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An Innovative Ergometer to Measure Neuromuscular Fatigue Immediately after Cycling


Medicine & Science in Sports & Exercise: February 2018 - Volume 50 - Issue 2 - p 375–387
doi: 10.1249/MSS.0000000000001427
SPECIAL COMMUNICATIONS: Methodological Advances

Purpose When assessing neuromuscular fatigue (NMF) from dynamic exercise using large muscle mass (e.g., cycling), most studies have delayed measurement for 1 to 3 min after task failure. This study aimed to determine the reliability of an innovative cycling ergometer permitting the start of fatigue measurement within 1 s after cycling.

Methods Twelve subjects participated in two experimental sessions. Knee-extensor NMF was assessed by electrical nerve and transcranial magnetic stimulation with both a traditional chair setup (PRE- and POST-Chair, 2 min postexercise) and the new cycling ergometer (PRE, every 3 min during incremental exercise and POST-Bike, at task failure).

Results The reduction in maximal voluntary contraction force POST-Bike (63% ± 12% PRE; P < 0.001) was not different between sessions and there was excellent reliability at PRE-Bike (intraclass correlation coefficient [ICC], 0.97; coefficients of variation [CV], 3.2%) and POST-Bike. Twitch (Tw) and high-frequency paired-pulse (Db100) forces decreased to 53% ± 14% and 62% ± 9% PRE, respectively (P < 0.001). Both were reliable at PRE-Bike (Tw: ICC, 0.97; CV, 5.2%; Db100: ICC, 0.90; CV, 7.3%) and POST-Bike (Tw: ICC, 0.88; CV, 11.9; Db100: ICC, 0.62; CV, 9.0%). Voluntary activation did not change during the cycling protocol (P > 0.05). Vastus lateralis and rectus femoris M-wave and motor-evoked potential areas showed fair to excellent reliability (ICC, 0.45–0.88). The reduction in maximal voluntary contraction and Db100 was greater on the cycling ergometer than the isometric chair.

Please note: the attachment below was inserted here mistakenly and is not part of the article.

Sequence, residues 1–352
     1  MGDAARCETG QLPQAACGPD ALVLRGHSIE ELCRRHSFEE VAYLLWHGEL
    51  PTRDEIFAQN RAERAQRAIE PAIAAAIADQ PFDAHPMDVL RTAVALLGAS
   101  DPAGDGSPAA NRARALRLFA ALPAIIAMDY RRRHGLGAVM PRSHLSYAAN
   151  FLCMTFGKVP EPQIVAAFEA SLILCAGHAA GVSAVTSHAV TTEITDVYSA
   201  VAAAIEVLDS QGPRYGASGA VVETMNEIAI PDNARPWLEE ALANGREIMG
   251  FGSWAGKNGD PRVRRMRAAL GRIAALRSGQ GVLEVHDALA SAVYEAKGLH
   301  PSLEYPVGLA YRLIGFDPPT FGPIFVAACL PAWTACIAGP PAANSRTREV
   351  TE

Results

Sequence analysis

Conclusions The innovative cycling ergometer is a reliable tool to assess NMF during and immediately postexercise. This will allow fatigue etiology during dynamic exercise with large muscle mass to be revisited in various populations and environmental conditions.

Supplemental digital content is available in the text.

Human Performance Laboratory, Faculty of Kinesiology, University of Calgary, Calgary, AB, CANADA

Address for correspondence: Guillaume Y. Millet, Ph.D., Human Performance Laboratory, Faculty of Kinesiology, University of Calgary, 2500 University Drive NW, Calgary, Alberta, Canada T2N 1N4; E-mail:

Submitted for publication April 2017.

Accepted for publication September 2017.

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© 2018 American College of Sports Medicine